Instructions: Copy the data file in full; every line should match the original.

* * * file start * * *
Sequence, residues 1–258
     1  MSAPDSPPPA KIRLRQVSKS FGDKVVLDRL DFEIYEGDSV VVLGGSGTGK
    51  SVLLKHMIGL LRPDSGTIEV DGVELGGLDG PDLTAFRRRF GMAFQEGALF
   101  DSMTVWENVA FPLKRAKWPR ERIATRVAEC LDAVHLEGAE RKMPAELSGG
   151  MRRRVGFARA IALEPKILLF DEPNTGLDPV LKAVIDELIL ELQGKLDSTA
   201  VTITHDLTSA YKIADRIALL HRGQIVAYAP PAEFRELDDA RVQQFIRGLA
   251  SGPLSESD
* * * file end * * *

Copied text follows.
Sequence, residues 1–258
     1  MSAPDSPPPA KIRLRQVSKS FGDKVVLDRL DFEIYEGDSV VVLGGSGTGK
    51  SVLLKHMIGL LRPDSGTIEV DGVELGGLDG PDLTAFRRRF GMAFQEGALF
   101  DSMTVWENVA FPLKRAKWPR ERIATRVAEC LDAVHLEGAE RKMPAELSGG
   151  MRRRVGFARA IALEPKILLF DEPNTGLDPV LKAVIDELIL ELQGKLDSTA
   201  VTITHDLTSA YKIADRIALL HRGQIVAYAP PAEFRELDDA RVQQFIRGLA
   251  SGPLSESD